The two-week exercise in Hungary, Bulgaria, and Romania offered a window into shadowy so-called grey-zone operations, which are meant to stay below the threshold of inciting open conflict but always run the risk of touching off exactly what both sides are trying to avoid: a shooting war.

The New York Times reported that American and Hungarian officers in Szolnok (Jász-Nagykun-Szolnok County; 60 miles east of Budapest) sought to stay far away from domestic politics in their countries, and from questions about the close links with Moscow that their commanders in chief have embraced.

Small teams of commandos from 10 countries rehearsed clandestine reconnaissance missions, sneaking up on potential targets and passing along the information to local forces. Other predawn operations practised slipping commandos in behind enemy lines or pulling them out without being detected. Commanders honed their ability to coordinate rapidly developing, simultaneous stealthy activities across several countries.

Recently, in an early morning training exercise, two dozen Hungarian commandos armed with M4 rifles and gas masks conducted a mock raid on an abandoned building where authorities suspected that notional Russian-backed Hungarian separatists were making a dirty bomb out of chlorine and other hazardous chemicals.

The article also mentions the Hungarian prime minister’s visit to Washington DC where President Donald Trump gave Orbán a warm welcome despite his concerns that the Hungarian politician tries to demolish the Hungarian democracy.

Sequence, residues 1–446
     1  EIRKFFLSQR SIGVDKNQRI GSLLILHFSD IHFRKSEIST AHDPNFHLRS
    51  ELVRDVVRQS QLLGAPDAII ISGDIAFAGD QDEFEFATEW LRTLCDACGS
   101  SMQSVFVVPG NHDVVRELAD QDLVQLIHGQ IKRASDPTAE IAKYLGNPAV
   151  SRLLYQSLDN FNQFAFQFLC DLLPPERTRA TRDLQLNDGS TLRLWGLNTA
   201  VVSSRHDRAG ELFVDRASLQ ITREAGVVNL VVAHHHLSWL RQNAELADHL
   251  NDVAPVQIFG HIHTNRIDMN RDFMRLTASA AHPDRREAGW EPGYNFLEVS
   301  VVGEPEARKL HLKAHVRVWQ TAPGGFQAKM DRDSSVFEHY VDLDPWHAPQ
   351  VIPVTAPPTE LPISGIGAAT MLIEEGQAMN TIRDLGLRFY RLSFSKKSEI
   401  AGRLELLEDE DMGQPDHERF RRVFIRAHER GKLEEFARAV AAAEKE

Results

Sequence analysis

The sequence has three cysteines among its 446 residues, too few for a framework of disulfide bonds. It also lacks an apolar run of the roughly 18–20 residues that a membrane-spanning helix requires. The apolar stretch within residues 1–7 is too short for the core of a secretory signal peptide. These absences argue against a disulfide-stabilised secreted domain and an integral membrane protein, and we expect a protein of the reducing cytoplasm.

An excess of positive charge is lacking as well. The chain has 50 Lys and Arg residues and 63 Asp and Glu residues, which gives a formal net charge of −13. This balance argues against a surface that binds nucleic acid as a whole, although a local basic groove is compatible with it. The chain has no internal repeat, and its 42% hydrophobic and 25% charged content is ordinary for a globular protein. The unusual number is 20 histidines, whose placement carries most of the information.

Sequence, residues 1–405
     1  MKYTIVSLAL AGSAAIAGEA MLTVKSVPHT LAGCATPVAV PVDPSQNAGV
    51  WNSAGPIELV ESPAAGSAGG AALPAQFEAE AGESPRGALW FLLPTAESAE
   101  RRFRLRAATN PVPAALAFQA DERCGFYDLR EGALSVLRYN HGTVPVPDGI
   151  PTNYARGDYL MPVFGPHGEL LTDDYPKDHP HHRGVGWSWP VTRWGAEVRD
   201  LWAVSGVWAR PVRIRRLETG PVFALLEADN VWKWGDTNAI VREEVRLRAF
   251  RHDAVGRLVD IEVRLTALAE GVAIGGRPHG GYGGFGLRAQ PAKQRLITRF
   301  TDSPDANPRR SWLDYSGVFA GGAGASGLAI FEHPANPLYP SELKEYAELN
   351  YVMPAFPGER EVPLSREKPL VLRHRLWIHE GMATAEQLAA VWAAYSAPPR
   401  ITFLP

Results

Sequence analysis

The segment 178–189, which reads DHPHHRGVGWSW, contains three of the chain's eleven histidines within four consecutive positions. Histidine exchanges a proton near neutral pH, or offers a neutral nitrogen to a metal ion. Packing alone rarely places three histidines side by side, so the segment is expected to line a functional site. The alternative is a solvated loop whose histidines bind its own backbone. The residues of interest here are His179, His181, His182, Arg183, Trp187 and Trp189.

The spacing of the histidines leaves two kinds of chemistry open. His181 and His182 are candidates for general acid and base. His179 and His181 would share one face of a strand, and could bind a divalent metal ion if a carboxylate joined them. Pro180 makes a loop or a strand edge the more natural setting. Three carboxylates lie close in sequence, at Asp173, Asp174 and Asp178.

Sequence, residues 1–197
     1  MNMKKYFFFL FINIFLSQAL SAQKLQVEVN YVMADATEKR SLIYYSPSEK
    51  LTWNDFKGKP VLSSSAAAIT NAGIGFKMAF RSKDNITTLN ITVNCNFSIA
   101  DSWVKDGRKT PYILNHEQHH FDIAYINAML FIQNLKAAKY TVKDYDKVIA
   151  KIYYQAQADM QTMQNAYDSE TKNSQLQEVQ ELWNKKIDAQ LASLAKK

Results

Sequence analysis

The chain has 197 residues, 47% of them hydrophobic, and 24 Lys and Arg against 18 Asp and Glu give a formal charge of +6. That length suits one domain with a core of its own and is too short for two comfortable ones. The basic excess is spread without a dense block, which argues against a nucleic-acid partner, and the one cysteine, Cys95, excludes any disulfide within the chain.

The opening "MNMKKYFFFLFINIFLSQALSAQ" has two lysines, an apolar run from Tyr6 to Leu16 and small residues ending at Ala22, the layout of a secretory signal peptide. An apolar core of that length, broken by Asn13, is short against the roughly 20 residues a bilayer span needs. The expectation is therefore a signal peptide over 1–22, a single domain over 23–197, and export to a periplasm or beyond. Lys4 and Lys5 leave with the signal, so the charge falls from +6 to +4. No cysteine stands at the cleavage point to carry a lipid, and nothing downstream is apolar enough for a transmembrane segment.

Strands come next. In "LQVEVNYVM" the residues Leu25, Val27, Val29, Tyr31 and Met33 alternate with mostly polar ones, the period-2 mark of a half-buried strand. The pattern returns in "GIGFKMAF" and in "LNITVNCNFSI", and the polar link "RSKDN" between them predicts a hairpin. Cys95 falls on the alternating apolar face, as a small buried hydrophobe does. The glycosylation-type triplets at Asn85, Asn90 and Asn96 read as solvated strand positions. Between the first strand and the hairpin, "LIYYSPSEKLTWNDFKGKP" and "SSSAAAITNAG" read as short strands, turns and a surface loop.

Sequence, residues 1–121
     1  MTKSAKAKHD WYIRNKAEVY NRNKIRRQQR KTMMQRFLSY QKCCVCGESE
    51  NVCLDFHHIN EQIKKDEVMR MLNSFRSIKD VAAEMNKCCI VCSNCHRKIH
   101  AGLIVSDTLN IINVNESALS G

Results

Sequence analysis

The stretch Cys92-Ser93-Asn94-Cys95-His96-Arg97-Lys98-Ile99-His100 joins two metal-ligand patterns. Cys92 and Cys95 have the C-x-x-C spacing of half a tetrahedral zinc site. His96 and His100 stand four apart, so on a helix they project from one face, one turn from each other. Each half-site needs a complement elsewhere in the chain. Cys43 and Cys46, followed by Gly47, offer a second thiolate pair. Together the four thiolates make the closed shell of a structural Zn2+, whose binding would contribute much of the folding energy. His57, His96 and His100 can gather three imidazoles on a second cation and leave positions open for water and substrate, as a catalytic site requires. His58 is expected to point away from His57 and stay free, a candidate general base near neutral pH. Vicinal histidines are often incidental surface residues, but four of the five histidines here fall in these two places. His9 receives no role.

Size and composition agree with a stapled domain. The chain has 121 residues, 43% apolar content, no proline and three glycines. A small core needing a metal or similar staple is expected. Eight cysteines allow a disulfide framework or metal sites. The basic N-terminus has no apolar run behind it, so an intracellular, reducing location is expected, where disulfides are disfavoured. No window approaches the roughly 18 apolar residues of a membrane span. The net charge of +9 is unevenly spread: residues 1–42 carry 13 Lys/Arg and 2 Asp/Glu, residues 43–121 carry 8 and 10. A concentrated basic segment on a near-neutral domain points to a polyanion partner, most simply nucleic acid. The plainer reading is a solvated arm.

“During Mr Orban’s visit to Washington, Mr Trump made no mention of the fact that Hungary spends only 1.15 per cent of its economy on defence, one of the proportionately lowest in NATO, even though he routinely criticises other leaders for not meeting the 2 per cent goal set by the alliance. Likewise, Mr Trump said nothing about Hungary’s growing energy ties with Russia, unlike his repeated criticism of Germany on the same issue.”

On the other hand, the article emphasises the fact that while the American and Hungarian troops are practising in Szolnok preparing for an incidental Russian attack, President Trump had a meeting with Putin where the two of them talked and even joked around. “When asked about these seeming contradictions, the top Hungarian and American officers overseeing the commando exercise exchanged glances and, after an awkward silence, chose their words carefully.” Brig. Gen. Tamás Sándor, the head of Hungary’s 1,000 special operations troops, said in an interview in his office:

“Military-to-military relations are really resilient to what’s going on in the political environment. I’m staying in my professional lane.”

Mark Schafer, leader of the American troops reported similar to Sándor.

“We hear the background music; we’re not deaf to it. But as the operational commander, I’m focused on our partnered capabilities. That’s my mission.”

Besides, the writing did not miss to mention that PM Orbán’s government “has pressured nongovernmental organisations, brought most of the news media under control of his allies and upended the electoral process to favour his party.”

Featured image: MTI/Balogh Zoltán


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